It’s been just over a month since Aerodynamics of Biscuits’ was published! …and with 9 school visits, 2 bookshop events and 2 book launches under my belt I feel like the luckiest girl in the world.
I have recently made two more successful author visits, one at Newton Ferrers C of E Primary School and one at Marldon C of E Primary School, both in Key Stage One, so I thought I would share ‘MY FOUR P’s’! My top tips for working with children aged 5-7yrs.
Be organised, count resources, arrive in good time and be clear with the teachers about the timings and expectations for the visit. If you can, send posters, pre-order forms and photo permission slips before the big day to ensure it runs smoothly and to get a buzz going about your arrival.
Plan your event with timings and be specific about what you want to achieve in the time. Is the focus on plotting, character, enjoyment for writing, something else? But beware! However detailed your plan, it is important to be flexible and to be prepared to deviate if necessary – sometimes, for whatever reason (change of room, ICT difficulties) – things don’t go according to plan.
3. Make it Practical
Whatever form your visit takes, make it is as fun and engaging as possible. Starting with a hook (a suitcase, a puppet, a prop of some kind ) is a great way to secure the audience’s attention from the start. Young children won’t be able to sustain sitting and listening for long, however interesting you are, so make sure you plan opportunities for group, pair or individual work if your session is longer than 20-30mins.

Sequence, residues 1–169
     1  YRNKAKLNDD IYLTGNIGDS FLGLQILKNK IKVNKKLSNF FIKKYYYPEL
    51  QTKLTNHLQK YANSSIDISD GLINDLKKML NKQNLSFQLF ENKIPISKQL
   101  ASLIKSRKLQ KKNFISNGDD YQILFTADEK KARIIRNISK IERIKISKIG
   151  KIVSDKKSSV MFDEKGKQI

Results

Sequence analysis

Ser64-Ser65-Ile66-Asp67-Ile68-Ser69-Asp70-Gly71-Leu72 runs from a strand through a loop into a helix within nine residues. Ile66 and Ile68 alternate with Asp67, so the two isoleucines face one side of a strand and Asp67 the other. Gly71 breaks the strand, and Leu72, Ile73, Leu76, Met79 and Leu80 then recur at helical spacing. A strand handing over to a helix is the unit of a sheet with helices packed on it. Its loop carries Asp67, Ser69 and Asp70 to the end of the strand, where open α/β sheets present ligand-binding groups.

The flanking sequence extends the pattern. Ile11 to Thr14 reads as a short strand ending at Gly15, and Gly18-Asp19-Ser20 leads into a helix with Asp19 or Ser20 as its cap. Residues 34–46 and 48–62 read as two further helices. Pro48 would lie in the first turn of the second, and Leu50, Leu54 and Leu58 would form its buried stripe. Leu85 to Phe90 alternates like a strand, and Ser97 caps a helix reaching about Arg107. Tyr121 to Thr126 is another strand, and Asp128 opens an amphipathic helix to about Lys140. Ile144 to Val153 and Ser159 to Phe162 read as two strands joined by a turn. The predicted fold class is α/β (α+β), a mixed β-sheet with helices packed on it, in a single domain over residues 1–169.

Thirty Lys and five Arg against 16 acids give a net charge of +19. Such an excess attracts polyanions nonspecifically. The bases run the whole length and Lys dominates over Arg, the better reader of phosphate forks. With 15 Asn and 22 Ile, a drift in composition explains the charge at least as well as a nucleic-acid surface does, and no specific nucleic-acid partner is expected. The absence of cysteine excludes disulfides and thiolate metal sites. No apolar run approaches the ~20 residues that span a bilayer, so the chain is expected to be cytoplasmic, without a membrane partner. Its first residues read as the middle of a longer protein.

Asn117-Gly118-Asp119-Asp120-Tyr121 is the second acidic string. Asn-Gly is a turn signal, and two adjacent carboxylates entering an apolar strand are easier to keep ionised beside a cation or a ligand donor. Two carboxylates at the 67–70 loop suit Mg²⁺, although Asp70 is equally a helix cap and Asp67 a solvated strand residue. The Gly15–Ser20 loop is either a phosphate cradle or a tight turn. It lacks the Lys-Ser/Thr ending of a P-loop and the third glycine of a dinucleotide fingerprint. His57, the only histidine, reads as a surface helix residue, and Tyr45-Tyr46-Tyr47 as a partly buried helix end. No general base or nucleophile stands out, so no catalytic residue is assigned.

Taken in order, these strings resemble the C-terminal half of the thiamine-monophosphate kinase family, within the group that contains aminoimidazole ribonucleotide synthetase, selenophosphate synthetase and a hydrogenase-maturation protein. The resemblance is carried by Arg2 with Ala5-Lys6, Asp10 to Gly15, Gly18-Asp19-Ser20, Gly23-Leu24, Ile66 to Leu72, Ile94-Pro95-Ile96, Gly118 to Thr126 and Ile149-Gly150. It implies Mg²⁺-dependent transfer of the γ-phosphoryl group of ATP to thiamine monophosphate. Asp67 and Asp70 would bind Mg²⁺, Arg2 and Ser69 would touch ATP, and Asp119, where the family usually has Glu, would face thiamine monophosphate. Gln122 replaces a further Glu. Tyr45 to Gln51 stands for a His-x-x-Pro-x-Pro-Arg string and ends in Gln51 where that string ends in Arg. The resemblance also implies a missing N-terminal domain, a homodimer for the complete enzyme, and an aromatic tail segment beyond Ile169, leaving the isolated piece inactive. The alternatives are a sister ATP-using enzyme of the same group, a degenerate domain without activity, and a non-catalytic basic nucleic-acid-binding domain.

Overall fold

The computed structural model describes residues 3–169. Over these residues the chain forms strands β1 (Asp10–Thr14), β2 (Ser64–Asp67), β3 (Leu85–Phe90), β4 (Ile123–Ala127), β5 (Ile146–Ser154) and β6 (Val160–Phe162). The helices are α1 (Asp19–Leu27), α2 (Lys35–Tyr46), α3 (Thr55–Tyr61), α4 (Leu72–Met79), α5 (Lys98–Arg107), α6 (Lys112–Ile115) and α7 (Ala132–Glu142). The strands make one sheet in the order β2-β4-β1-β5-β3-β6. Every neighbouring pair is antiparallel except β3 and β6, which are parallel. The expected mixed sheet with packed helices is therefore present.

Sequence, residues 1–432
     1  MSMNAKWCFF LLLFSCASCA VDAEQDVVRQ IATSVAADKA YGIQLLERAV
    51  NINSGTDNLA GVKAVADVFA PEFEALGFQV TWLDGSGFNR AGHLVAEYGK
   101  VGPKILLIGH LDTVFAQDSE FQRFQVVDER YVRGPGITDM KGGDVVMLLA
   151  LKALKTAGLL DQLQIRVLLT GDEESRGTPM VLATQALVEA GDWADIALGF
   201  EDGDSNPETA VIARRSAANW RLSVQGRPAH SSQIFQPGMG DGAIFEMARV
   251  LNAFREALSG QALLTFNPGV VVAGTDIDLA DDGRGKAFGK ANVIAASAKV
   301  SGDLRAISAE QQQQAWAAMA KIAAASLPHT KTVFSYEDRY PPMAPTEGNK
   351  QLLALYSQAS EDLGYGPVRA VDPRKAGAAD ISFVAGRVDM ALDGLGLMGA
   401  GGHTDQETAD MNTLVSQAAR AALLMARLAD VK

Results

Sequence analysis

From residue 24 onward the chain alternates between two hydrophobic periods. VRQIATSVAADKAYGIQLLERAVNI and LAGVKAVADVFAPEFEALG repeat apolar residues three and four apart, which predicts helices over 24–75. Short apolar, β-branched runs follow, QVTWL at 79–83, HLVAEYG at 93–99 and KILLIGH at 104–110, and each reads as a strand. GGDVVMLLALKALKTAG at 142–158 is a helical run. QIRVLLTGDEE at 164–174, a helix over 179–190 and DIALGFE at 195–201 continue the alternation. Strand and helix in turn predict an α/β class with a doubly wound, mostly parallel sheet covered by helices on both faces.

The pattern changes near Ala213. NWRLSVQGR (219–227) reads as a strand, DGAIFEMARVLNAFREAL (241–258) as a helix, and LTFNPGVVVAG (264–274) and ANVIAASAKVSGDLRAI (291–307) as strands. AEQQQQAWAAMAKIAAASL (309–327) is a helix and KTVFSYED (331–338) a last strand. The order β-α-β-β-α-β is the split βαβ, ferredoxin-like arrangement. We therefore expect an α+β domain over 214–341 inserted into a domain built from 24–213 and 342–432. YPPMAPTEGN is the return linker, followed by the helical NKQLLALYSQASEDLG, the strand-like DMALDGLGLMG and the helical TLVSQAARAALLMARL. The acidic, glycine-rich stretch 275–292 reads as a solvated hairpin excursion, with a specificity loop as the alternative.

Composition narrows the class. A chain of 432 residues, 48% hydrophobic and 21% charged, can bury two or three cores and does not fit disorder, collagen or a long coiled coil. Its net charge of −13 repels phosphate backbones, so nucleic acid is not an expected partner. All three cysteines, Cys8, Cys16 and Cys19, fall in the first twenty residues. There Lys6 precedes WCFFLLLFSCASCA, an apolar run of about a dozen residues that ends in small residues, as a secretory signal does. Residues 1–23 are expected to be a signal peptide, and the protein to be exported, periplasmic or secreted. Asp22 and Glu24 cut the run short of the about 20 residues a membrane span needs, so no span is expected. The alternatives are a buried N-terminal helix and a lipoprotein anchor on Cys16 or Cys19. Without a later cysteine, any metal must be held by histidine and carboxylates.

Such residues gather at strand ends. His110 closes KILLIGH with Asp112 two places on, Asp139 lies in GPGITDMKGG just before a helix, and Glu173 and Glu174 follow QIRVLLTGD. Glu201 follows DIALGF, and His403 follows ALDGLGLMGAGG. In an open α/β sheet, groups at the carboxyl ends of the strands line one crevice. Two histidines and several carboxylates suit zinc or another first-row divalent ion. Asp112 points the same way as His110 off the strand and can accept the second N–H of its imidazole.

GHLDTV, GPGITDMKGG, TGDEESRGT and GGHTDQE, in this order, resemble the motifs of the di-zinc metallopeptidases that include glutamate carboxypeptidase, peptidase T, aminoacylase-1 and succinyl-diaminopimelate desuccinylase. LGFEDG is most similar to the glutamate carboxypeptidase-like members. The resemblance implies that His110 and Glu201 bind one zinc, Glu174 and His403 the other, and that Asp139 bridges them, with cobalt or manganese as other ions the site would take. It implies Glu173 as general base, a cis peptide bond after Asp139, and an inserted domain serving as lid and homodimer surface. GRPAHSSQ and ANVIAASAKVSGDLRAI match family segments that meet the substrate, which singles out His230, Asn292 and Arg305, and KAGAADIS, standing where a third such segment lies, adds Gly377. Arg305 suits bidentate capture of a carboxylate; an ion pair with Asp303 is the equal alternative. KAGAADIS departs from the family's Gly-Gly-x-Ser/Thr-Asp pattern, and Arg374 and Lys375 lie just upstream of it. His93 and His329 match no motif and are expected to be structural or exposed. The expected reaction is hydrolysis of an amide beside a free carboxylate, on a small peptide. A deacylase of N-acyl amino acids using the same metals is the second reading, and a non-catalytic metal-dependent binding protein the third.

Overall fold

4. Personalise it
Not everyone feels comfortable with this part but children will be interested in YOU as much as your book so try to make time for Q & A! They might have prepared questions in advance but have something up your sleeve in case they don’t. Decide what you are happy to share about yourself ex: Why you wrote the book? What inspired you? How long it took? What’s your favourite colour? Do you have any pets? …and how much money you make (!?) yes, I have been asked! …
…but above all have FUN! Because if you do, the children will too!
(I know… it’s not a P!)
This is not an exhaustive list of author tips so please feel free to add to these and share your wisdom with others who may be lucky enough to be visiting schools soon.
Good luck with your future events!
2 thoughts on “The Key to Key Stage One”
Lovely tips and lovely pictures. What do you do for photo permission slips? I’ve done loads of school visits and never taken photos as there are always plenty of children for whom it wouldn’t be appropriate. I’d love it if you could share what you write for a photo permission slip. And also, I love your balloon thing -it’s brilliant. But do you have to blow up tons of balloons in advance? Really good luck. The book is lovely, thanks. Clare.
Hi Clare, thank you for your message. Yes I’ll upload the permission slip that I send to schools. I’ve been lucky that it’s usually only one or two that cannot be photographed. I think it’s more common now for schools to have blogs etc so sometimes parental permission to take and use photos on the Internet has already been given. I ask at the start of my visit who can / cannot be photographed and take photos and/or ask the class teacher to. Sometimes the school asks that I don’t use my personal camera and in this case, they email me the photos at a later date. I hope that helps! Clare